St Andrews rail link of ‘national significance’

A diesel train similar to what St Andrews Community Council would like to see arriving in the town once again.
A diesel train similar to what St Andrews Community Council would like to see arriving in the town once again.

Reinstating the rail link to St Andrews is a project of national significance.

That’s the view of the local community council in its submission to the Scottish Government, as the latter starts preparation of its third National Planning Framework, the spatial strategy for Scotland aimed at identifying a number of ‘national developments’ and establishing the need for them in the national interest.

Council vice-chairman, Dr Ian Goudie, told the Citizen this week: ”St Andrews itself is of international importance, given the status of its university and the role of the town as the Home of Golf.

“Its key place in the leisure market is recognised by VisitScotland and Scottish Enterprise. Yet, the development of all of these facets of the town, with all their implications for the Scottish economy, is hindered by transport links that are far from world class.”

The community organisation is proposing the construction of a rail link to provide direct services to Edinburgh and Dundee and, specifically, approximately five miles of single track from St Andrews to Seggie, as recommended by the high-level concept report published in May by Tata Steel and commissioned by StARLink campaigners.

Also proposed are south-facing and north-facing chords at Seggiehill and Moonzie respectively to link with the east coast main line; route alignment to enable maximum speed of 90mph; a new hourly service to Edinburgh, perhaps via Dunfermline; new hourly or half-hourly service to Dundee; a new station in St Andrews, just short of the former station sit, but close enough to form an integrated transport interchange with the adjacent bus station; and a single platform station with passive provision for a run-round loop and a second platform for charter trains.


The council considers that a St Andrews rail link also ticks several boxes of current concern and will specifically contribute to the target of an 80 per cent reduction in emissions by 2050.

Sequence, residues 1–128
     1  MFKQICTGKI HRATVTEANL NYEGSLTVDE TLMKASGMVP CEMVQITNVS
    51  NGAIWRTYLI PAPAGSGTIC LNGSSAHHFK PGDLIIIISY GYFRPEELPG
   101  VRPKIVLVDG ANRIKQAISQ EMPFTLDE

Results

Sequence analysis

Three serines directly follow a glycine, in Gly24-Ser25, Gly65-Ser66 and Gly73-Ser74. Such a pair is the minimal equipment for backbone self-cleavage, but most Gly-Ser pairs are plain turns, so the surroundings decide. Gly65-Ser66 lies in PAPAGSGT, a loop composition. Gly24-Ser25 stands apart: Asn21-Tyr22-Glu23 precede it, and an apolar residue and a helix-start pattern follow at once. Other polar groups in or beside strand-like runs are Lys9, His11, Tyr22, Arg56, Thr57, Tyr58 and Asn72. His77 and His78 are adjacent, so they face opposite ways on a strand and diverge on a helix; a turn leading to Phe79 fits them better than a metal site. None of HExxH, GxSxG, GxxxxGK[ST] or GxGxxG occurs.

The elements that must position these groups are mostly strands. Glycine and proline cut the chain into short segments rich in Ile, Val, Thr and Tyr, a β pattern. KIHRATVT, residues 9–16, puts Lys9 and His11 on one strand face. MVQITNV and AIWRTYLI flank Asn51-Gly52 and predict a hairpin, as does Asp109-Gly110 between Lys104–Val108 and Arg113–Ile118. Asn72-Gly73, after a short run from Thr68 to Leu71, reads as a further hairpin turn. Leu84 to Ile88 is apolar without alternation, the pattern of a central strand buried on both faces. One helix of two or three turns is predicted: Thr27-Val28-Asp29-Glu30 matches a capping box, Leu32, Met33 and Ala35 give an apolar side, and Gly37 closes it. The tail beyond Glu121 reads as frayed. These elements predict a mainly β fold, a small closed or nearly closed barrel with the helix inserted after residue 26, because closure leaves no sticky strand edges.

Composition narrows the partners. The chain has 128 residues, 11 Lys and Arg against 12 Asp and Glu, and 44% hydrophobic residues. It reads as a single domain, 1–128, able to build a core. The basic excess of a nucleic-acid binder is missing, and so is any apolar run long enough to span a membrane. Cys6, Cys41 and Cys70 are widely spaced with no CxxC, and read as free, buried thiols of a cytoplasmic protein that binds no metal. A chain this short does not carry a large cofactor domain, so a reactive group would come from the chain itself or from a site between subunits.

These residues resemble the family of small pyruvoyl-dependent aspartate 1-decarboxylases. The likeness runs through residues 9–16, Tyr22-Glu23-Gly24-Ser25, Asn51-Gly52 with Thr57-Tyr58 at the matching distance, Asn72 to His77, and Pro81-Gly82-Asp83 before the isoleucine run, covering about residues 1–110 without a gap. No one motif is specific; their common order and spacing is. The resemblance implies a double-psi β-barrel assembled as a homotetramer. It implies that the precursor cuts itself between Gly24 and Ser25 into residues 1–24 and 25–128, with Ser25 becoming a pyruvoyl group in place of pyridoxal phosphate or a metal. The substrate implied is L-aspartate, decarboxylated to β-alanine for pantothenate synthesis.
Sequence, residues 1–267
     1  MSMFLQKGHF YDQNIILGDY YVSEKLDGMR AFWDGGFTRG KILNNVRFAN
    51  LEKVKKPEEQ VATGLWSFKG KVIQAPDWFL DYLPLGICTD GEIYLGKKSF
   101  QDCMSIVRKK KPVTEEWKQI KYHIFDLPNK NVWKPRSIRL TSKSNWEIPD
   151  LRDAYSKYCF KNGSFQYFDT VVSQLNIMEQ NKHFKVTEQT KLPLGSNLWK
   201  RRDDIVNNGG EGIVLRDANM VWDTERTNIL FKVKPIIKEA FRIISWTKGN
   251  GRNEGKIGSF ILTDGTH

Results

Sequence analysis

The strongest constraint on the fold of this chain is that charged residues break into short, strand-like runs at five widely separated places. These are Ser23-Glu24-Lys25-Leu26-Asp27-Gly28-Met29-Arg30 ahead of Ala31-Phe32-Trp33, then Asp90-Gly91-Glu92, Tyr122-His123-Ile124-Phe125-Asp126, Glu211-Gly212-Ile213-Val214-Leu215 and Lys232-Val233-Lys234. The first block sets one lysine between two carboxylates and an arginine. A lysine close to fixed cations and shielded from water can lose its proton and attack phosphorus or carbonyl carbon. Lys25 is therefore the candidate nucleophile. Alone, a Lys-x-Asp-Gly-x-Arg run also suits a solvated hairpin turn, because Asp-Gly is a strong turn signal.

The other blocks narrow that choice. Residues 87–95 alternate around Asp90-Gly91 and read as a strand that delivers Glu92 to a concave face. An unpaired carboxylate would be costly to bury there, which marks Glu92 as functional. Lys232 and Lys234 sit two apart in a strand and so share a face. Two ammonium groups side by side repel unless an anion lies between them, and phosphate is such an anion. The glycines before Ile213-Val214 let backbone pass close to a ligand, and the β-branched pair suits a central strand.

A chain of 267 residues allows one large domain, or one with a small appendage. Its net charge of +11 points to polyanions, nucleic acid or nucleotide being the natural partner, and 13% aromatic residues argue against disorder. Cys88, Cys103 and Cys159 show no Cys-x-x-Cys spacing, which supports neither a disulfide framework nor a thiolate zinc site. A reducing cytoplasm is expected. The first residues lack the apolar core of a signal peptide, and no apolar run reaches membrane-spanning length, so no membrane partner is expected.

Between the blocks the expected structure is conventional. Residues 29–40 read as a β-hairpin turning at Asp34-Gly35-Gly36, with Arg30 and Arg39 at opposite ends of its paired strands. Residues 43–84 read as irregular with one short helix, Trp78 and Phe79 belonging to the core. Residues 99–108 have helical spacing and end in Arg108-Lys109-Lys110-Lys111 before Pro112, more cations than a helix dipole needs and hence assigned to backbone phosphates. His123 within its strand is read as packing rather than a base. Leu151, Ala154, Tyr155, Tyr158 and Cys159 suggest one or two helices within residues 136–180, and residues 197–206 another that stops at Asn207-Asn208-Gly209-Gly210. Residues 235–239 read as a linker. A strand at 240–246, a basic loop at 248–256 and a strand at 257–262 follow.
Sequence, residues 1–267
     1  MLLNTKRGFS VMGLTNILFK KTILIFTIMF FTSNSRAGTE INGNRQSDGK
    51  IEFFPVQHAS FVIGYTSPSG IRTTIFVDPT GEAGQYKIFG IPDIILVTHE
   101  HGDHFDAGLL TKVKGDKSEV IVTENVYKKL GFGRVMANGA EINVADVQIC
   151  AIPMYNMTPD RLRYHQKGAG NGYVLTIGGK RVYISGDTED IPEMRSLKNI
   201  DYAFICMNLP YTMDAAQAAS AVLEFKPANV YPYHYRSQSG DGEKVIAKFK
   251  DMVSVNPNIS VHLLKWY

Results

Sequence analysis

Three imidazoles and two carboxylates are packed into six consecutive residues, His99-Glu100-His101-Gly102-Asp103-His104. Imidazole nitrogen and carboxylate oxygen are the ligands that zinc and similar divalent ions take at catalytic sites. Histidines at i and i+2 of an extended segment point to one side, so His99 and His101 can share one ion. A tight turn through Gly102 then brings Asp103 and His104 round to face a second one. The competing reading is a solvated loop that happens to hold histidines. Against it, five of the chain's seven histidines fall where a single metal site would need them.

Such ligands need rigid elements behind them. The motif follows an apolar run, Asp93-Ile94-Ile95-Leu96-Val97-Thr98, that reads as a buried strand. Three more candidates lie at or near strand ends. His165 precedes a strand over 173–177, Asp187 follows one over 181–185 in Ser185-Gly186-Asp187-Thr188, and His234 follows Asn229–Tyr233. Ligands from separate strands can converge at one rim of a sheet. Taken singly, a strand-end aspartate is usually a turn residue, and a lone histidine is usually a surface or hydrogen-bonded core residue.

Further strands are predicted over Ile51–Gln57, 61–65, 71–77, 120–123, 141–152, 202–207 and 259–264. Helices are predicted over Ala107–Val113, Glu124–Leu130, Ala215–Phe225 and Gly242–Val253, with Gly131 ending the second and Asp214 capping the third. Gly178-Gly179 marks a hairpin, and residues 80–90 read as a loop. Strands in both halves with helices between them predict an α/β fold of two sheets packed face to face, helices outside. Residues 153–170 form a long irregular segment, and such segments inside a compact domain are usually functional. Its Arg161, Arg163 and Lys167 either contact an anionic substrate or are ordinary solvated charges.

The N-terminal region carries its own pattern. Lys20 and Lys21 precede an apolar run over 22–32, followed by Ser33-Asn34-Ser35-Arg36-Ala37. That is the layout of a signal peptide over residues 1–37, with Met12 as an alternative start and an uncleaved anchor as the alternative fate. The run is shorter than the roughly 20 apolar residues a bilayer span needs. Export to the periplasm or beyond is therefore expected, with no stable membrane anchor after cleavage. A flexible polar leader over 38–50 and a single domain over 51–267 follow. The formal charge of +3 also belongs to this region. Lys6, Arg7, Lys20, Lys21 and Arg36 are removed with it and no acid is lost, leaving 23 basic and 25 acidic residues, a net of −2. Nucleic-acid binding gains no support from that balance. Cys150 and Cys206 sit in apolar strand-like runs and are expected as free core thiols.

It points out that despite an improved bus service from St Andrews, the overflowing car park at Leuchars station tells its own tale, confirming the reluctance of car drivers to use buses instead.

Dr Goudie added: ”Although the rail link itself - which Tata Steel has calculated will operate at a profit - will provide a small number of new jobs, the indirect implications are much greater.

“St Andrews is currently one of only a handful of university towns in Britain without a direct rail service. The university, already much the largest employer in the town, will be strengthened in many ways. In particular, there will be increased potential for industrial and commercial research spin-offs, currently hindered by geography.

”St Andrews is also a top tourist destination and north east Fife recorded 2.8 million tourist days in 2010, with St Andrews accounting for 47 per cent of the total visitor days and 60 per cent of the tourism revenue. Easier access to the town will boost the hotel trade, particularly in the low season, and increase usage of golf facilities.

“The rail link will open up the St Andrews employment market to jobseekers from Dundee and the less affluent areas of Fife, and provide new options for St Andreans.”

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In deciding whether to come to Scotland, the ease of access to the destination of interest determines many visitors’ decisions and the community organisation has pointed out that the Tata Steel study envisages a rail service with a stop at Edinburgh Gateway, thus providing a direct link to the airport interchange from St Andrews.

Dr Goudie concluded: ”With the urgent need to address the problem of climate change, the transport policies of the last 50 years are no longer viable. Reconnection of St Andrews to the rail network will need to happen sooner or later. In view of the development pressures on the town, the sooner the nettle is grasped the easier the job will be.”

The community council has set up a rail sub-committee to oversee the consultation process with all interested parties of the feasability study produced by Tata Steel.

Convener of StARLink, Jane Ann Liston, a member of the sub-committee, said: ”Our campaign has taken a great leap forward. Following the Tata Steel report, where those with experience of designing and building roads and railways showed how a successful railway could be achieved, the endorsement of the principle by both the community council and Fife Council, via Sestran, has moved the campaign onto a new level.

“Although the design is still at the conceptual stage and therefore there is still a considerable way to go, I very much look forward to seeing the response from the Scottish Government to the submissions and to the carrying out of the Scottish Transport Appraisal Guidance procedure in the new year.”